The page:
THE FEI has released their updated FEI rules and veterinary regulations for 2022.

From January 1st 2022, the FEI has rolled out Horse Health requirements globally. They are mainly derived from the Equine Herpes Virus-1 bylaw that applied in mainland Europe from May 31st to December 31st, 2021 following a serious outbreak of the virus earlier in the year.

The requirements have been put in place to protect FEI horses and global equestrian sports from the consequences of infectious diseases being transmitted before, during and after FEI events.

They also aim to provide reassurance of the high health of equestrian sport horses to global, continental and national veterinary authorities, as well as further improving the conditions for the international movement of sport horses.

In accordance with Art. 1029 and 1031 of the FEI 2022 Veterinary Regulations, as of January 1st, 2022, all horses competing at all FEI events must fulfil the Horse Health Requirements via the FEI HorseApp. Sanctions for non-compliance are already in force for Horses competing at FEI Events in Mainland Europe; these will be introduced worldwide in due course.

Jumping changes

A significant change to competition rules in article 236 is that in a competition judged under Table A, every second over the time allowed is recorded as one penalty, instead of one penalty for every four seconds as it was previously.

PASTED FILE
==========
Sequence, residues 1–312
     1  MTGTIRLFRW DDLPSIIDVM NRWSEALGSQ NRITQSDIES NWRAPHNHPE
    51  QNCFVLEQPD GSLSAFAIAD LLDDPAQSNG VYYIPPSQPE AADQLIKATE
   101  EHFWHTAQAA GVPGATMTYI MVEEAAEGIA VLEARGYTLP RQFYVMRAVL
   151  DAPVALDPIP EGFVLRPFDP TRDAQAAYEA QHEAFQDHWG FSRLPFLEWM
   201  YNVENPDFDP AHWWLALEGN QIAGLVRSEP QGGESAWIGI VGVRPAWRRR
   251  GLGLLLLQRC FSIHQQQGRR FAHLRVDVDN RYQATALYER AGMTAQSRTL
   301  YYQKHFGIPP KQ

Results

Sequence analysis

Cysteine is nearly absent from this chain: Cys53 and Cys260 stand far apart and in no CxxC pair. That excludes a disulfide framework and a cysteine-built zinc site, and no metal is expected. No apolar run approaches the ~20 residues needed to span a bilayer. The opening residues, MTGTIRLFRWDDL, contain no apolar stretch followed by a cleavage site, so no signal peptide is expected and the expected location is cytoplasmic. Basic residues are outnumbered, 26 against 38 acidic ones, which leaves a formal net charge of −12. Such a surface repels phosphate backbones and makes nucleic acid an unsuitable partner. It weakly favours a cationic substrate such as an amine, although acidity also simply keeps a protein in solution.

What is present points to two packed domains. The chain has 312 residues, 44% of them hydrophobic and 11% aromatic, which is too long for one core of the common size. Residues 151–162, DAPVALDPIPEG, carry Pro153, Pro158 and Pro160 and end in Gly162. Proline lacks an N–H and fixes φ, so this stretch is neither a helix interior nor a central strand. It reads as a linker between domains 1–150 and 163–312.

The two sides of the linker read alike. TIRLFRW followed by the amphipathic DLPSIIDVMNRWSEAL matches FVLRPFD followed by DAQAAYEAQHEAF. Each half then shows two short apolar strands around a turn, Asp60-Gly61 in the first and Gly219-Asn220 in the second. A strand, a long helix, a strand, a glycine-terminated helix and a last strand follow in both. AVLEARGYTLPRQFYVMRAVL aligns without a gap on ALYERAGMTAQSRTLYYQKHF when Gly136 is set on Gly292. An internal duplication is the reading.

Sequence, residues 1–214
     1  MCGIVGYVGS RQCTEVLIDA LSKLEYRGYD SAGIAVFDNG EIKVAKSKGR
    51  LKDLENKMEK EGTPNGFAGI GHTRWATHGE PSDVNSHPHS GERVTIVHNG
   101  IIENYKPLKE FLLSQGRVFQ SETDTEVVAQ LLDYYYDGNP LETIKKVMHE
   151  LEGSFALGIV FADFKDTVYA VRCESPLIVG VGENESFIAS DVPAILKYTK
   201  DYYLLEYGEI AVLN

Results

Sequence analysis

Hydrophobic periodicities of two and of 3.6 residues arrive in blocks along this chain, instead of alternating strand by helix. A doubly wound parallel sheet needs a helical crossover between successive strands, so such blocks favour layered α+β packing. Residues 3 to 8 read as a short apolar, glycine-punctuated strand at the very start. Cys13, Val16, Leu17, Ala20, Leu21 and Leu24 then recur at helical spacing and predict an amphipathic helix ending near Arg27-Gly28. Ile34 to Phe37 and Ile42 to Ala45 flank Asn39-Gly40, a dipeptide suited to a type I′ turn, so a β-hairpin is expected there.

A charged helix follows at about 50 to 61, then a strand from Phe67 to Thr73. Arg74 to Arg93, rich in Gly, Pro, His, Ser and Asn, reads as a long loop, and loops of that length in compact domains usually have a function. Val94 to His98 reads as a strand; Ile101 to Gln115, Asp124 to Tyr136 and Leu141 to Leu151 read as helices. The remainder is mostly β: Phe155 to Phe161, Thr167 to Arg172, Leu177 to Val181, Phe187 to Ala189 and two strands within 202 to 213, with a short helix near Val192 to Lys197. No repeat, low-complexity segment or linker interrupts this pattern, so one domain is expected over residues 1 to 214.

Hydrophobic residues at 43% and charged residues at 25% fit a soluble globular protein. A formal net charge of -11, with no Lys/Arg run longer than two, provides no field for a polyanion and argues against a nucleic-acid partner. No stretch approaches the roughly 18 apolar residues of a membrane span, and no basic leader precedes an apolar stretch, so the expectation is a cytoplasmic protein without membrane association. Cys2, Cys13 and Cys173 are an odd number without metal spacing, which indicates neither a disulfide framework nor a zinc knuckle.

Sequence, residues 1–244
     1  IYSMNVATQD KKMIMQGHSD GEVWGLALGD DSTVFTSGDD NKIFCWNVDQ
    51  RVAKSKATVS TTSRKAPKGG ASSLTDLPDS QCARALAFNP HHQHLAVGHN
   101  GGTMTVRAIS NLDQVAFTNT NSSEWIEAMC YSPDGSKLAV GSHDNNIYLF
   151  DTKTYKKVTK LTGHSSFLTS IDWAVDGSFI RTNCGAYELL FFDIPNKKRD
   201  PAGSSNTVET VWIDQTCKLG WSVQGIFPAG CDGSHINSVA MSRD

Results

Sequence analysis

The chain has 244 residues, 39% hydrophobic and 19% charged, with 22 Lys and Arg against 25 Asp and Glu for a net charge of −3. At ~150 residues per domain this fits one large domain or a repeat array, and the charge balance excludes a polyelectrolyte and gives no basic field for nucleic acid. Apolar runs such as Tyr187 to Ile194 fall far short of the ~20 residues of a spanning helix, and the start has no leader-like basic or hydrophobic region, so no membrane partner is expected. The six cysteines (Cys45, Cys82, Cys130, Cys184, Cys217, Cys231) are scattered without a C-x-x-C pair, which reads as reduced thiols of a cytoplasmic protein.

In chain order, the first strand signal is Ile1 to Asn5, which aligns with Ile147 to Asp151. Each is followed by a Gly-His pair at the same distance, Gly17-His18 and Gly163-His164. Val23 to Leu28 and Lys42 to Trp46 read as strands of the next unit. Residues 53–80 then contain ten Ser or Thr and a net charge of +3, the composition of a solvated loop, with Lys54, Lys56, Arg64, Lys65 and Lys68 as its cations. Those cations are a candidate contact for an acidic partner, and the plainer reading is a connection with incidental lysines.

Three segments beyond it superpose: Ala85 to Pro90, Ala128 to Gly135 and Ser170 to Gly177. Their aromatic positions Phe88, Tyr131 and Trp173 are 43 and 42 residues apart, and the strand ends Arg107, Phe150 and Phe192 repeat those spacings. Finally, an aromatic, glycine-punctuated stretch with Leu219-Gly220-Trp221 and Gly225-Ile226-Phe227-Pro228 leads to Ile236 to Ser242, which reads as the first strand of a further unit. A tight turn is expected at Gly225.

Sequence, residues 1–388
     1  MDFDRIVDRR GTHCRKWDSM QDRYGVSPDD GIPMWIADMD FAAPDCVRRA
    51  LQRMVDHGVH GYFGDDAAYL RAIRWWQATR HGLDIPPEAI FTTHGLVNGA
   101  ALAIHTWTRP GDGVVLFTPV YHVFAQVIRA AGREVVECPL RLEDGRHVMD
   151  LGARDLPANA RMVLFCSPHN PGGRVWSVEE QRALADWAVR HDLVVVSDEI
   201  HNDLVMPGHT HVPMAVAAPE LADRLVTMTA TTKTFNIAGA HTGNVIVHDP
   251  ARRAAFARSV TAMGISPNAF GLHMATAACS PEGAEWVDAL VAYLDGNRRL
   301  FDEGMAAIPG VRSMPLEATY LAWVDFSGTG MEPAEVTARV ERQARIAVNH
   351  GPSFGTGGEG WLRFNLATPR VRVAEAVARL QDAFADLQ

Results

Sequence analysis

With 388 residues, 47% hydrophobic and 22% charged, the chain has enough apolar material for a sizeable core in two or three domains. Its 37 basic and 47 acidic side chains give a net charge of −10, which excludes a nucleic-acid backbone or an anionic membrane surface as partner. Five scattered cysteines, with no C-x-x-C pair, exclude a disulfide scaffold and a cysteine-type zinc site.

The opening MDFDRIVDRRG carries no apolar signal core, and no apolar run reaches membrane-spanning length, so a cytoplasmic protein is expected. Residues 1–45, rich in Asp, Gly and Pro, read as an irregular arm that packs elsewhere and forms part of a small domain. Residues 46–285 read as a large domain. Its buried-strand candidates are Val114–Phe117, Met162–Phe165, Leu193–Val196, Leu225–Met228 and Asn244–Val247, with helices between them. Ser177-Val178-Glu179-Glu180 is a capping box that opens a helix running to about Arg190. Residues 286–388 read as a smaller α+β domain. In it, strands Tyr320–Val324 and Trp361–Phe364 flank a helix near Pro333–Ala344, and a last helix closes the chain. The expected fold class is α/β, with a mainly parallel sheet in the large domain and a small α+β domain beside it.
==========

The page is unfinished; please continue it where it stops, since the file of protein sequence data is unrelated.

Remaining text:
Changes to hind boot rules include that the boots must be designed in such a way that both sides can be bent to fit around the horse’s leg without effort. For doubleshell boots specifically, the boots must be pre-moulded to the shape of a horse’s fetlock, i.e., the boot must be pre-moulded in a “U” shape, in such a way that the boot naturally wraps around the fetlock.

Doubleshell boots that require the fastener(s) to be attached to permit the boot to wrap around the fetlock are not permitted. The boot must have a maximum length of 20 centimetres at its longest point.

No additional elements may be added to or inserted in the boot itself. However, the use of vet wrap or similar lightweight bandaging material under hind boots is now permitted; when possible it should be applied in the presence of the steward.

A member of the stewarding team has the right at any time to require the vet wrap/bandaging material to be removed and re-applied in their presence.


For Grand Prix qualification at five-star level, if there is no qualification system in place at the event, a rider not ranked in the top 500 on the Longines World Ranking or already prequalified, must have jumped a 1.50m class with four faults or less, or a 1.55m, 1.60m Grand Prix, Nations Cup of World Cup class with eight faults or less, on the horse they want to compete with.